According to Robert J. Carbaugh (2011), the high degree of economic interdependence among today’s economics reflects the historical evolution of the world’s economic and political order. At the end of World War II, the United States was economically and politically the most powerful nation in the world, a situation expressed in the saying, “When the United States sneezes, the economies of other nations catch a cold.” But with passage of time, the U.S. economy has become increasingly integrated into the economic activities of foreign countries.
Recognizing that world economic interdependence is complex and its effects uneven, the economic community has taken steps toward international cooperation. Conferences devoted to global economic issues have explored the avenues through which cooperation could be fostered between industrial and developing nations. The efforts of developing nations to reap larger gains from international trade and to participate more fully in international institutions have been hastened by the impact of the global recession, industrial inflation, and the burdens of high-priced energy.
In short, economic interdependence has become a complex issue in recent times, often resulting in strong and uneven impacts among nations and among sectors within a given nation. Business, labor, investors, and consumers all feel the repercussions of changing economic conditions and trade policies in the other nations.
Globalization is the ongoing process that deepens and broadens the relationships and interdependence among countries. Globalization is the process of greater interdependence among countries and their citizens. It consists of the increased interaction of product and resource market across nations via trade, immigration, and foreign investment that is via international flows of goods and services of people and of investments in equipment, factories, stocks, and bonds. It also includes non-economic elements such as culture and the environment.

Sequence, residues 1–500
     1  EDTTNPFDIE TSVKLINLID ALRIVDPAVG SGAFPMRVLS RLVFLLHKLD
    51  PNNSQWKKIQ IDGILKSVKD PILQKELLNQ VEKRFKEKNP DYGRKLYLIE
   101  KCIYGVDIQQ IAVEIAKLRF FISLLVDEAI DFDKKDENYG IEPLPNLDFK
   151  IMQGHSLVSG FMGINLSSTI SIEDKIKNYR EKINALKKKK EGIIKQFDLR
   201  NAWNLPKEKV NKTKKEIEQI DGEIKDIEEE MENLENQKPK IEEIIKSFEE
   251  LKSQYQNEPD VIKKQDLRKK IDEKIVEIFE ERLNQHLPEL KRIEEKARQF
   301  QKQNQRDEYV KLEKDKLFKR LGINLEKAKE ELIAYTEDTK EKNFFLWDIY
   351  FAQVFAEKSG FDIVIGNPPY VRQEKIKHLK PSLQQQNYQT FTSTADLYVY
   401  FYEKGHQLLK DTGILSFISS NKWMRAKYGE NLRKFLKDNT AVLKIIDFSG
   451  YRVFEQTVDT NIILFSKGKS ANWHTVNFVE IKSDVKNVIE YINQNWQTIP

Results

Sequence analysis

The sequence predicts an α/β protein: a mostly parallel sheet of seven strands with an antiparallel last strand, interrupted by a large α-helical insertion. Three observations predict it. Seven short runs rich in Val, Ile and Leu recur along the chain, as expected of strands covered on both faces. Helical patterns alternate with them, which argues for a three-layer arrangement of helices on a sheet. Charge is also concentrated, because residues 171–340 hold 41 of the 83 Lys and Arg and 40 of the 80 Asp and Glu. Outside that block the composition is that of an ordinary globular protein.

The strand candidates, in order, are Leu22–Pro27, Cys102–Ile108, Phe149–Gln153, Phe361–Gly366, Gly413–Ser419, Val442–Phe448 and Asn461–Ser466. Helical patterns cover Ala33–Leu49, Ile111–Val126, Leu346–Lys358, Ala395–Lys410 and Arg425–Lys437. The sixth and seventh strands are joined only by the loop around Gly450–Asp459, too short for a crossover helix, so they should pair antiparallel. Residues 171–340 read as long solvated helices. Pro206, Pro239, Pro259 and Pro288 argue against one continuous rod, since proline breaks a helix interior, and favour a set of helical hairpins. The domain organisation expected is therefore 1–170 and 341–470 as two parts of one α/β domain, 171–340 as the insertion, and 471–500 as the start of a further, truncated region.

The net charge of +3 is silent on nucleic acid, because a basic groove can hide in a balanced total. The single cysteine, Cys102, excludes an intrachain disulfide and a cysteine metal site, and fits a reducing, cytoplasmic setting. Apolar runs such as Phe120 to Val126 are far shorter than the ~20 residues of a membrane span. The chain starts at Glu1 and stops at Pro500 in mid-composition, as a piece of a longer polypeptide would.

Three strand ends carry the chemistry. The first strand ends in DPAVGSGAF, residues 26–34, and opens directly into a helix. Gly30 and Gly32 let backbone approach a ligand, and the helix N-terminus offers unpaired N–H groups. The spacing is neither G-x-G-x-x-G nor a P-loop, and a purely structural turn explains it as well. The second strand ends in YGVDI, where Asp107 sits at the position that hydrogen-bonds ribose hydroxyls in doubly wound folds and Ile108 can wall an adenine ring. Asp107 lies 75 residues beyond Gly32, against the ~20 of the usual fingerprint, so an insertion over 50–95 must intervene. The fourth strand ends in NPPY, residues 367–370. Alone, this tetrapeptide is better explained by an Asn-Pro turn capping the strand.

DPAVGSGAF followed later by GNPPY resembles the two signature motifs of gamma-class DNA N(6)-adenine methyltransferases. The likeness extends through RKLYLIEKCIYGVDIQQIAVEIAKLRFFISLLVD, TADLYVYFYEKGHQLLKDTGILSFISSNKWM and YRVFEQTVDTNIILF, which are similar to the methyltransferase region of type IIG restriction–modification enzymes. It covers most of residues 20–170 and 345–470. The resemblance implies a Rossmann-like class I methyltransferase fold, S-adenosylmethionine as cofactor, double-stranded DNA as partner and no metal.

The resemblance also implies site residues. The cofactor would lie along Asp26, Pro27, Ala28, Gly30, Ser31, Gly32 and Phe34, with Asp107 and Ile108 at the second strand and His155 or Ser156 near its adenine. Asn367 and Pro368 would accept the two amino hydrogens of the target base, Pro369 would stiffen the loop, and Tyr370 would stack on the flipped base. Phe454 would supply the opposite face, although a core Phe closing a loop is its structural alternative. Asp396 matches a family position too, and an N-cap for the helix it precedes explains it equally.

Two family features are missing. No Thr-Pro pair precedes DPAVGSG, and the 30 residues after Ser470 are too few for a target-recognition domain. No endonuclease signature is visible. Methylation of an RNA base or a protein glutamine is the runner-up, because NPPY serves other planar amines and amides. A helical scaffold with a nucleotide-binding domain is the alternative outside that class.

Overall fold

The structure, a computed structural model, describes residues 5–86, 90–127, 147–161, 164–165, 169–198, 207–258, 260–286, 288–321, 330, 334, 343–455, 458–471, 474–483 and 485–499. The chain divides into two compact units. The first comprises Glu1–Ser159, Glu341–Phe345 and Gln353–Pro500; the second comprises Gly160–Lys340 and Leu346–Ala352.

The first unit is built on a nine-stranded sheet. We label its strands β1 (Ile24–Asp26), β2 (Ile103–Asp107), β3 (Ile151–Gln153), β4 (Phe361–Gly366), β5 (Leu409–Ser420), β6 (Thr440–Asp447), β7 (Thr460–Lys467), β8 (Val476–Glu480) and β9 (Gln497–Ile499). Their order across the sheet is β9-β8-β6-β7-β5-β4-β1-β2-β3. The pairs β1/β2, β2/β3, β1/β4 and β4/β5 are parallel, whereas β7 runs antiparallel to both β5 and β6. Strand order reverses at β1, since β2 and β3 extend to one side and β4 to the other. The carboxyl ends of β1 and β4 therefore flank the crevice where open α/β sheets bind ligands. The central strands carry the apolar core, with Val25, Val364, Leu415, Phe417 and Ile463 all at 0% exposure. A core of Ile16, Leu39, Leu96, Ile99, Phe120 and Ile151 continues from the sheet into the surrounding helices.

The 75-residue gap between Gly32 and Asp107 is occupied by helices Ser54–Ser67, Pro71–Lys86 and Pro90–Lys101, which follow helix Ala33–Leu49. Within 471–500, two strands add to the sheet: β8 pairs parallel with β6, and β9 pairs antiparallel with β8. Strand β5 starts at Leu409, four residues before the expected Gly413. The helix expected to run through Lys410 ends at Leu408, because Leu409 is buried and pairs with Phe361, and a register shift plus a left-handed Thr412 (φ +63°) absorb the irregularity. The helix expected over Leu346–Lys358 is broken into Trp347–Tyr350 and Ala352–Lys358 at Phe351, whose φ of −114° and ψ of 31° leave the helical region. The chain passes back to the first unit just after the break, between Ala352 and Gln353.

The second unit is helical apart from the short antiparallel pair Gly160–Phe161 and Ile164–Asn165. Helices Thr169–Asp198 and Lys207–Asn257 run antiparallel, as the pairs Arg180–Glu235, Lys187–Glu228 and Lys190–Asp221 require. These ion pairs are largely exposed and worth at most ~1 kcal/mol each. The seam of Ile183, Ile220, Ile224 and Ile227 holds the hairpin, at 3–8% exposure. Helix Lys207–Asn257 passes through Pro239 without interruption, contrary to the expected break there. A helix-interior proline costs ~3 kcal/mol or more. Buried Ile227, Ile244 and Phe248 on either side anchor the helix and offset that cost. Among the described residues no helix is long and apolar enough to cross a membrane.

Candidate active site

Global integration is the production and distribution of products and services of a homogeneous type and quality on a worldwide basis. Global integration can be a problem for the international firm if it causes the firm to overlook important local or regional differences in things such as personnel practices or customer tastes.
For example, if an appliance maker used a pure globalization strategy, it might not recognize that some countries are very much accustomed to top loading washers, while others are more partial to front loaders. International business is a mechanism to bring about globalization. These are three types of globalization:
2.1 Cultural Globalization
Culture has increasingly become a commodity. Popular books and films have international markets.
For example, Murdoch has opened TV channels (STAR News, STAR Movies and STAR Plus) in India. Cultural globalization has been facilitated by the information revolution, the spread of...